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December 9, 2014The Moral Case for Fossil Fuels: The Thesis
December 8, 2014The Wonder of Competition
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Frequently Asked Questions
As reporters ask me about the report, I in turn ask them where the real report is. I mean, I cannot believe that such a sketchy, half-baked proposal was given an official seal (two of them, one each from HUD and Treasury). My first reaction was that this was like a bad term paper from a public policy grad student.
I was close. As I reached out to colleagues to find out more, someone suggested I look up David Scharftstein a professor at The Business School, which is how Harvard folks refer to it. The resemblance between the Administration report and this paper by Scharfstein and Adi Sunderam is eery. Sunderam is a Ph. D candidate in the econ department at Harvard. So, basically, the Administration outsourced its policy on the entire future of housing finance to a professor and a grad student, neither of whom appears to have spent a single day working in the mortgage industry.
One advantage of the academic paper is that it goes into more detail than the Administration version. The authors write,
The paper has a lot going for it. They argue against any guarantee in the mortgage market. However, the distinction between a "backstop" and a guarantee is blurry in theory, and my guess is it would be even more blurry in practice. Part of me fears that, whether they realize it or not, the authors are acting as perfect tools for Wall Street, along the lines I laid out in my most cynical take.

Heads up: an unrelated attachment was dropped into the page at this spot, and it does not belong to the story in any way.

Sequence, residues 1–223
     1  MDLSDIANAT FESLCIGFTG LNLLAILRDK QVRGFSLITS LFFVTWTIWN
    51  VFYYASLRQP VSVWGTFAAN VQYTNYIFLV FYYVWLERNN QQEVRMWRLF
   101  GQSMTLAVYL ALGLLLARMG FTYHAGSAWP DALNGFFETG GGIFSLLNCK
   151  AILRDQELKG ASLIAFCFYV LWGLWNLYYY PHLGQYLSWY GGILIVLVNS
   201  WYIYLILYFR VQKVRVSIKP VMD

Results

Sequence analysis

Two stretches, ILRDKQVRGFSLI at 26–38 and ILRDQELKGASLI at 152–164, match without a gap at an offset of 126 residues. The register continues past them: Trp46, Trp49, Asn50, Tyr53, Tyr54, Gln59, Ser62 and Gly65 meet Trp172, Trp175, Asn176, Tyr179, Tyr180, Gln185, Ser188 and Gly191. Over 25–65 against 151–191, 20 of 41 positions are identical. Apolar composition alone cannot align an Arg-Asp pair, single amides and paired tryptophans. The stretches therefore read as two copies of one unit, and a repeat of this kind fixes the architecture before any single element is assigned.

In my view, their backstop idea is what you would expect from a graduate student--an idea that on paper sounds clever but which is not well suited to practice. A more straightforward approach for government to "backstop" the mortgage market at the onset of a crisis would be to inject capital into key firms, such as mortgage insurance companies, that bear the credit risk on new mortgages. I will put this suggestion below the fold, along with further comments on their paper.
And would you say that government involvement has mitigated or exacerbated these cycles? Inserting a "backstop" to help stabilize housing finance could in its own way prove destabilizing. The problem is that as private market participants feel more protected from extreme events, they make decisions that increase the probability that extreme events will occur. See Minsky on the destabilizing role of stability, or Google the term "Greenspan put."
Wallison and Pinto might dispute those figures. Even so, if what we need is more stringent regulation of mortgage markets, then that is different from providing a guarantee to mortgage markets. The regulation that we might need is to ban private lenders from making loans without significant down payments and other safeguards. Personally, I don't think we need to go that far. If we could just get the government out of that business, that would be progress.
Later in the paper, the authors explicitly discuss regulating private mortgage markets to stamp out risky lending. And they come out against a guarantee.
Instead of a guarantee, they argue forf a "backstop." Do they think they can craft a "backstop" that Wall Street won't turn into a guarantee? If so, I am inclined to disagree.
Back to their proposal:
Nice to know that this entity would not have any profit incentive to operate efficiently or avoid making mistakes.
To me, the only rationale for a government guarantee of mortgages is to protect the 30-year fixed-rate product. However, the authors reject that notion.
That is a point worth considering. I have been thinking that the death of Freddie and Fannie would mean hurt the prospects of the 30-year fixed-rate, and we should just accept that. But I could be too pessimistic about the 30-year fixed-rate in the absence of the GSEs.
Overall, in section 2 of the paper they make a case against government guarantees of mortgages that is, if anything, even more emphatic than the case that I would make.